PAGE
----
Notice of Inventory Completion: U.S. Department of the Interior, Bureau of Indian Affairs, Washington, DC, and U.S. Department of the Interior, Indian Arts and Crafts Board, Southern Plains Indian Museum, Anadarko, OK, 73262-73263 [05-23868]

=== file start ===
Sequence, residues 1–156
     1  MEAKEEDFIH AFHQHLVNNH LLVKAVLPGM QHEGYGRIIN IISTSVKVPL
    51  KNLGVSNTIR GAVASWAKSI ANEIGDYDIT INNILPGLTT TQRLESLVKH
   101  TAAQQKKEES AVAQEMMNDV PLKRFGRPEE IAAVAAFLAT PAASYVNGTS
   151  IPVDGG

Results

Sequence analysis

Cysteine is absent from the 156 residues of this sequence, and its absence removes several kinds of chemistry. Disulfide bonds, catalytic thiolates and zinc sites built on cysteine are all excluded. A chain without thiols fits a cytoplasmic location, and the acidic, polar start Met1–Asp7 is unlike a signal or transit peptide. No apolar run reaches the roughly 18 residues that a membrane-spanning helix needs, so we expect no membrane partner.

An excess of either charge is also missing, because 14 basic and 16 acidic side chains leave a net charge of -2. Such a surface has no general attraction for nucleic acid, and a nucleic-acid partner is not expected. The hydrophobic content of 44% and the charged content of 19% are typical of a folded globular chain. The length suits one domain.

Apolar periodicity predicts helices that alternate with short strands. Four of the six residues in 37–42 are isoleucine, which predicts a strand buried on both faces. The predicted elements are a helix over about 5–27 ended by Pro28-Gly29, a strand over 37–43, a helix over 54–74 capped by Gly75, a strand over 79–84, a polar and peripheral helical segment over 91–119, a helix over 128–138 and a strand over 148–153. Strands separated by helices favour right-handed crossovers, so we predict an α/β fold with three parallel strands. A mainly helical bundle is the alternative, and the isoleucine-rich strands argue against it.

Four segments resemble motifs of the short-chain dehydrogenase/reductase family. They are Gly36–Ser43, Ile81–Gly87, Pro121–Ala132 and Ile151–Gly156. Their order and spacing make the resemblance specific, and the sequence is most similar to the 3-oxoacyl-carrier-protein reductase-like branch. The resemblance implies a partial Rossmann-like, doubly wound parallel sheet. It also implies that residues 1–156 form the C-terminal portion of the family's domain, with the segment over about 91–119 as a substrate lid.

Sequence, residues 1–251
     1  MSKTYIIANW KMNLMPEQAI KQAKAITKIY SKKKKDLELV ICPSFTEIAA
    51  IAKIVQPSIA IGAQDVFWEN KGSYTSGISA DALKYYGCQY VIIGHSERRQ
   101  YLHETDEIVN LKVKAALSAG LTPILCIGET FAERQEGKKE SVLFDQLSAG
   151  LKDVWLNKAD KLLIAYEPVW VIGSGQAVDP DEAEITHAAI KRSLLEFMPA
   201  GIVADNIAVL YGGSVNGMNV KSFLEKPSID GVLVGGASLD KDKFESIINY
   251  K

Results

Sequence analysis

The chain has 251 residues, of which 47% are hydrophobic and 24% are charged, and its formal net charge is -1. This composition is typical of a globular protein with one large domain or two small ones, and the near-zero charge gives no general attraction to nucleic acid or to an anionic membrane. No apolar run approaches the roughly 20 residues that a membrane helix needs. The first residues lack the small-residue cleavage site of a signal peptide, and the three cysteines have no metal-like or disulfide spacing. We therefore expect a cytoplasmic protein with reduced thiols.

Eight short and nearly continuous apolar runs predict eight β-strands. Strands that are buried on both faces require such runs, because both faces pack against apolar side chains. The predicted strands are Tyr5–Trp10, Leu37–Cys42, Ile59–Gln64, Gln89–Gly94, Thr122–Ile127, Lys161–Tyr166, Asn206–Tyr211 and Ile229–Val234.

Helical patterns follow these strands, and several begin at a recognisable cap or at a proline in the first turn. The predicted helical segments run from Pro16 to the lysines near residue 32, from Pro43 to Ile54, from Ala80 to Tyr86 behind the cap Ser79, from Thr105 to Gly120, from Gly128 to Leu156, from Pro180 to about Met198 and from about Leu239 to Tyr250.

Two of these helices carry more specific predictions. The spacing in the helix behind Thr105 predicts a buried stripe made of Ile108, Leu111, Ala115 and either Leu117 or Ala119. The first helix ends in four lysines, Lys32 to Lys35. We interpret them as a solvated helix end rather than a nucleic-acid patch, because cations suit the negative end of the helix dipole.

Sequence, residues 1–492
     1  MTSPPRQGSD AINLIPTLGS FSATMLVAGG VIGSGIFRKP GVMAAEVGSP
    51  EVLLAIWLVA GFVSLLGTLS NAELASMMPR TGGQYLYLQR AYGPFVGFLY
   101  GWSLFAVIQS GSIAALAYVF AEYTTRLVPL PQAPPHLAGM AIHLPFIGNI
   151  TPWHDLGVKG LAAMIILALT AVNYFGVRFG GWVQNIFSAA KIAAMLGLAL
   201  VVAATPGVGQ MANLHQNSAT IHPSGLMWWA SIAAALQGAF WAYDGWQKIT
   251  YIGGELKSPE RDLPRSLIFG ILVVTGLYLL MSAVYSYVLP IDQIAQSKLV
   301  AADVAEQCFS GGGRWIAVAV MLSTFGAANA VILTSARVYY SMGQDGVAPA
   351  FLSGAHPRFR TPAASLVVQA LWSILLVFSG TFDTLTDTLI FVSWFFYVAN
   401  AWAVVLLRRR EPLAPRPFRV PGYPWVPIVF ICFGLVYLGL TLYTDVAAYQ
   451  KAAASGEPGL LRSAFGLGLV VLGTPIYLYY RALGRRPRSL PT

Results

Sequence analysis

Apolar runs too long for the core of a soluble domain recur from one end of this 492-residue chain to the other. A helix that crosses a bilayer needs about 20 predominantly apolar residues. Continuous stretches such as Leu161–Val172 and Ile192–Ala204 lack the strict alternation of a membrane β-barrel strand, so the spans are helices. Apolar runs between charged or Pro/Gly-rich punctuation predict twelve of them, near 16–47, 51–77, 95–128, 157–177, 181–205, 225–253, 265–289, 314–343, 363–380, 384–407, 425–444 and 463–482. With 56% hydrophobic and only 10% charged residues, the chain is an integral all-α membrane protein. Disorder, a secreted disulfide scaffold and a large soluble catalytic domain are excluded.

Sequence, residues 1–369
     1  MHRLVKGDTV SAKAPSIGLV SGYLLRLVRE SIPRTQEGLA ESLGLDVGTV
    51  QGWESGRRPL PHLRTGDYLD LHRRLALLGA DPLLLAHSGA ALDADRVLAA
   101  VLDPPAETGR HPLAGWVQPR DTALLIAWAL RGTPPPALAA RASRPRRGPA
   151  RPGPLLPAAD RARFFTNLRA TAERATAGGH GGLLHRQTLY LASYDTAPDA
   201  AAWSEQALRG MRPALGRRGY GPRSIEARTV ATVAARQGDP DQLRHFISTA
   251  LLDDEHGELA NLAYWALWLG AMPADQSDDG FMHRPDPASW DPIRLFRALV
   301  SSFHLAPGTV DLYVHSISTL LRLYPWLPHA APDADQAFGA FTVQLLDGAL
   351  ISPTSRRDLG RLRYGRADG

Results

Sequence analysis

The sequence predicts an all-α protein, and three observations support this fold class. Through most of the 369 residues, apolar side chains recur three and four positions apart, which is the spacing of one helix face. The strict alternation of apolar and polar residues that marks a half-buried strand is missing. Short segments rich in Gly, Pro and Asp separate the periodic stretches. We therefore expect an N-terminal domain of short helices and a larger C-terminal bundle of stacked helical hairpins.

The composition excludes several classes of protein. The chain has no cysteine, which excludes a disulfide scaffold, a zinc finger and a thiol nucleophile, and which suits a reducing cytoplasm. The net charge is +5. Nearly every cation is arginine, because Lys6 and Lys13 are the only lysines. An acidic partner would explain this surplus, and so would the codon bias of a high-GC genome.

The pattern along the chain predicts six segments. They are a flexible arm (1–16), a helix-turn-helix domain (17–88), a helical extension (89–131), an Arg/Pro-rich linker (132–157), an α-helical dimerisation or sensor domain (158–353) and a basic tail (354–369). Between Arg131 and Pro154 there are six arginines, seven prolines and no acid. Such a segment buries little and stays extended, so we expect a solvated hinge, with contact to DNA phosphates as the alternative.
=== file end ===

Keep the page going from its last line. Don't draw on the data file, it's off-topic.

Download as PDF 73262 Federal Register / Vol. 70, No. 236 / Friday, December 9, 2005 / Notices Miccosukee Tribe has a direct cultural affiliation to any and all ’Seminole’ remains . . . .’’ The Miccosukee Tribe of Indians of Florida has informed the Seminole Nation of Oklahoma and the Seminole Tribe of Florida of their claim and the two Seminole tribes agree that the human remains should be repatriated to the Miccosukee Tribe of Indians of Florida. Paragraph numbers 6 and 7 of the original notice are corrected by substituting the following paragraphs: Officials of the Denver Museum of Nature & Science have determined that, pursuant to 25 U.S.C. 3001 (9–10), the human remains listed above represent the physical remains of a minimum of one individual of Native American ancestry. Officials of the Denver Museum of Nature & Science also have determined that, pursuant to 25 U.S.C. 3001 (2), there is a relationship of shared group identity that can be reasonably traced between the Native American human remains and the Miccosukee Tribe of Indians of Florida; Seminole Nation of Oklahoma; and Seminole Tribe of Florida, Dania, Big Cypress, Brighton, Hollywood & Tampa Reservations. Representatives of any other Indian tribe that believes itself to be culturally affiliated with the human remains should contact Dr. Ella Maria Ray, NAGPRA Officer, Department of Anthropology, Denver Museum of Nature & Science, 2001 Colorado Boulevard, Denver, CO 80205, telephone (303) 370–6056, before January 9, 2006. Repatriation of the human remains to the Miccosukee Tribe of Indians of Florida may proceed after that date if no additional claimants come forward. The Denver Museum of Nature & Science is responsible for notifying the Miccosukee Tribe of Indians of Florida; Seminole Nation of Oklahoma; and Seminole Tribe of Florida, Dania, Big Cypress, Brighton, Hollywood & Tampa Reservations that this notice has been published. Dated: October 12, 2005 Sherry Hutt, Manager, National NAGPRA Program. [FR Doc. 05–23873 Filed 12–8–05; 8:45 am] BILLING CODE 4312–50–S DEPARTMENT OF INTERIOR National Park Service Notice of Inventory Completion: Fruitlands Museums, Harvard, MA AGENCY: National Park Service, Interior. VerDate Aug<31>2005 14:22 Dec 08, 2005 Jkt 208001 ACTION: Notice. Notice is here given in accordance with provisions of the Native American Graves Protection and Repatriation Act (NAGPRA), 25 U.S.C. 3003, of the completion of an inventory of human remains and associated funerary objects in the possession of the Fruitlands Museums, Harvard, MA. The human remains and associated funerary object were removed from an unknown location in the State of New York. This notice is published as part of the National Park Service’s administrative responsibilities under NAGPRA, 25 U.S.C. 3003 (d)(3). The determinations in this notice are the sole responsibility of the museum, institution, or Federal agency that has control of the Native American human remains and associated funerary objects. The National Park Service is not responsible for the determinations in this notice. A detailed assessment of the human remains was made by the Fruitlands Museums professional staff in consultation with representatives of the Seneca Nation of New York, SenecaCayuga Tribe of Oklahoma, and Tonawanda Band of Seneca Indians of New York. In 1830, human remains representing a minimum of one individual were removed from an unknown location by Mr. Jessie L. Farwell, an undertaker designated by the State of New York. Mr. Farwell gave the remains to Mr. John M. Locke, grandfather of Edgar Corbin. In 1924, Mr. Corbin gave the human remains to Mrs. Arthur Bullard (daughter of Ely S. Parker, a Tonawanda Seneca). Sometime between 1930 and 1937, Mrs. Bullard gave the remains to Miss Clara Endicott Sears, founder of the Fruitlands Museums. The human remains consist of several strands of hair of a single individual. A letter dated October 16, 1924 from Mr. Corbin to Mrs. Bullard identifies the human remains as those of Red Jacket. The one associated funerary object is a piece of beaded fabric. Historical records indicate that Red Jacket, also known as Sakoiewatha or Sakoyewatha, was a Seneca Indian born in the 1750s. Red Jacket was a Chief of the Seneca after the Revolutionary War. Red Jacket also played an important role in the negotiations leading to the signing of the Treaty of Canandaigua in 1794. The 1924 letter states that while serving with the British Army during the revolutionary period, Major Joshua Locke, the father of Mr. Locke and greatgrandfather of Mr. Corbin, met Red Jacket. Officials of the Fruitlands Museums have determined that, pursuant to 25 PO 00000 Frm 00069 Fmt 4703 Sfmt 4703 U.S.C. (9–10), the human remains described above represent the physical remains of one individual of Native American ancestry. Officials of the Fruitlands Museums also have determined that, pursuant to 25 U.S.C. 3001 (3)(A), the one object described above is reasonably believed to have been placed with or near individual human remains at the time of death or later as part of the death rite or ceremony. Lastly, officials of the Fruitlands Museums have determined that, pursuant to 25 U.S.C. 3001 (2), there is a relationship of shared group identity that can be reasonably traced between the Native American human remains and associated funerary object and the Seneca Nation of New York. Any lineal descendant or representatives of any other Indian tribe that believes itself to be culturally affiliated with the human remains and associated funerary object should contact Michael A. Volmar, Curator, Fruitlands Museums, 102 Prospect Hill Road, Harvard, MA 01451, telephone (978) 456–3924 extension 228, before January 9, 2006. Repatriation of the human remains and associated funerary object to the Seneca Nation of New York may proceed after that date if no additional claimants come forward. The Fruitlands Museums is responsible for notifying the Seneca Nation of New York, Seneca-Cayuga Tribe of Oklahoma, and Tonawanda Band of Seneca Indians of New York that this notice has been published. Dated: October 4, 2005. Sherry Hutt, Manager, National NAGPRA Program. [FR Doc. 05–23863 Filed 12–8–05; 8:45 am] BILLING CODE 4312–50–S DEPARTMENT OF THE INTERIOR National Park Service Notice of Inventory Completion: U.S. Department of the Interior, Bureau of Indian Affairs, Washington, DC, and U.S. Department of the Interior, Indian Arts and Crafts Board, Southern Plains Indian Museum, Anadarko, OK National Park Service, Interior. Notice. AGENCY: ACTION: Notice is here given in accordance with the Native American Graves Protection and Repatriation Act (NAGPRA), 25 U.S.C. 3003, of the completion of an inventory of human remains in the control of the U.S. Department of the Interior, Bureau of Indian Affairs, Washington, DC, and in possession of the U.S. Department of the E:\FR\FM\09DEN1.SGM 09DEN1 Federal Register / Vol. 70, No. 236 / Friday, December 9, 2005 / Notices Interior, Indian Arts and Crafts Board, Southern Plains Indian Museum, Anadarko, OK. The human remains were removed from a site on the Zuni Reservation, McKinley County, NM. This notice is published as part of the National Park Service’s administrative responsibilities under NAGPRA, 25 U.S.C. 3003 (d)(3). The determinations in this notice are the sole responsibility of the museum, institution, or Federal agency that has control of the Native American human remains. The National Park Service is not responsible for the determinations in this notice. An assessment of the human remains was made by the Southern Plains Indian Museum professional staff in consultation with representatives of the Zuni Tribe of the Zuni Reservation, New Mexico. At an unknown date, human remains representing a minimum of one individual were removed by an unknown person from a site on the Zuni Reservation, about 2 miles north of Black Rock Agency, McKinley County, NM. The remains were donated to the Southern Plains Indian Museum by a Mr. John Peters in September, 1949. No known individual was identified. No associated funerary objects are present. Determination of cultural affiliation is made on the basis of the geographic location of the site where the human remains were removed. Officials of the Southern Plains Indian Museum have determined that, pursuant to 25 U.S.C. 3001 (9–10), the human remains described above represent the physical remains of one individual of Native American ancestry. Officials of the Indian Arts and Crafts Board have also determined that, pursuant to 25 U.S.C. 3001 (2), there is a relationship of shared group identity that can be reasonably traced between the Native American human remains and the Zuni Tribe of the Zuni Reservation, New Mexico. Representatives of any other Indian tribe that believes itself to be culturally affiliated with the human remains should contact Ms. Eva Williams, Indian Arts and Crafts Board, Southern Plains Indian Museum, P.O. Box 749, Anadarko, OK 73005, telephone (405) 247–6221, before January 9, 2006. Repatriation of the human remains to the Zuni Tribe of the Zuni Reservation, New Mexico may proceed after that date if no additional claimants come forward. The Southern Plains Indian Museum is responsible for notifying the Zuni Tribe of the Zuni Reservation, New Mexico that this notice has been published. VerDate Aug<31>2005 14:22 Dec 08, 2005 Jkt 208001 Dated: October 31, 2005 Sherry Hutt, Manager, National NAGPRA Program. [FR Doc. 05–23868 Filed 12–8–05; 8:45 am] BILLING CODE 4312–50–S DEPARTMENT OF THE INTERIOR National Park Service Notice of Inventory Completion: U.S. Department of the Interior, National Park Service, Yellowstone National Park, Mammoth Hot Springs, WY National Park Service, Interior. Notice. AGENCY: ACTION: Notice is here given in accordance with the Native American Graves Protection and Repatriation Act (NAGPRA), 25 U.S.C. 3003, of the completion of an inventory of human remains and associated funerary objects in the possession of the U.S. Department of the Interior, National Park Service, Yellowstone National Park, Mammoth Hot Springs, WY. The human remains and cultural items were removed from the Fishing Bridge area of the park. This notice is published as part of the National Park Service’s administrative responsibilities under NAGPRA, 25 U.S.C. 3003 (d)(3). The determinations within this notice are the sole responsibility of the superintendent, Yellowstone National Park. A detailed assessment of the human remains and funerary objects was made by Yellowstone National Park professional staff in consultation with representatives of the Arapahoe Tribe of the Wind River Reservation, Wyoming; Assiniboine and Sioux Tribes of the Fort Peck Indian Reservation, Montana; Blackfeet Tribe of the Blackfeet Indian Reservation of Montana; Cheyenne River Sioux Tribe of the Cheyenne River Reservation, South Dakota; Coeur D’Alene Tribe of the Coeur D’Alene Reservation, Idaho; Confederated Salish & Kootenai Tribes of the Flathead Reservation, Montana; Crow Tribe of Montana; Flandreau Santee Sioux Tribe of South Dakota; Fort Belknap Indian Community of the Fort Belknap Reservation of Montana; Kiowa Indian Tribe of Oklahoma; Lower Brule Sioux Tribe of the Lower Brule Reservation, South Dakota; Nez Perce Tribe of Idaho; Northern Cheyenne Tribe of the Northern Cheyenne Indian Reservation, Montana; Oglala Sioux Tribe of the Pine Ridge Reservation, South Dakota; Rosebud Sioux Tribe of the Rosebud Indian Reservation, South Dakota; Shoshone-Bannock Tribes of the Fort Hall Reservation of Idaho; Shoshone PO 00000 Frm 00070 Fmt 4703 Sfmt 4703 73263 Tribe of the Wind River Reservation, Wyoming; and the Yankton Sioux Tribe of South Dakota. In 1941, human remains representing a minimum of one individual were removed from the Fishing Bridge Peninsula in Park County, WY, during a construction project in the tourist cabin development area. The individual was identified as a Native American male most likely 35–45 years old. He was buried in a flexed position with his head pointed about 10 degrees to the south of west. Projectile point typology and geomorphology suggest that the burial dates to the Late Prehistoric period. No known individual was identified. The 105 associated funerary objects are 1 antler fragment, 1 chert drill, 1 chert knife, 2 chert flakes, 2 dog skulls, 1 granite pounding stone, 1 obsidian flake, 1 projectile point, and 95 stones of various sizes. Three small projectile points, 10 worked scrapers and flakes, and 200–300 stone flakes are missing from the originally recovered associated funerary objects and are not included here. In 1956, human remains representing a minimum of two individuals were removed from the Fishing Bridge Campground in Park County, WY, during a trench-digging project. One individual was identified as a Native American female most likely 40–50 years old. The other partial set of remains represents a Native American infant. It is not known whether the remains were flexed or in which direction the head of the female was oriented. The absence of artifacts precludes relative dating of the burial and radiocarbon dating did not occur. However, geomorphic analysis from a nearby burial site suggests a Late Prehistoric age. No known individuals were identified. The one associated funerary object is the fragmentary skeleton of a dog. Of those tribes with whom the park consulted, only three stated they buried dogs with humans. Two Shoshonean groups, the Shoshone Tribe of the Wind River Reservation, Wyoming and the Shoshone-Bannock Tribes of the Fort Hall Reservation of Idaho, stated their ancestors customarily included dogs in burials with humans and that children were sometimes buried with women. The Shoshone Tribe of the Wind River Reservation, Wyoming and the Shoshone-Bannock Tribes of the Fort Hall Reservation of Idaho stated that some of their ancestors were on the Yellowstone Plateau as early as what archeologists refer to as the Paleoindian period and continued to inhabit it through historic times as the Lemhi Shoshone and the Sheepeaters. A Crow E:\FR\FM\09DEN1.SGM 09DEN1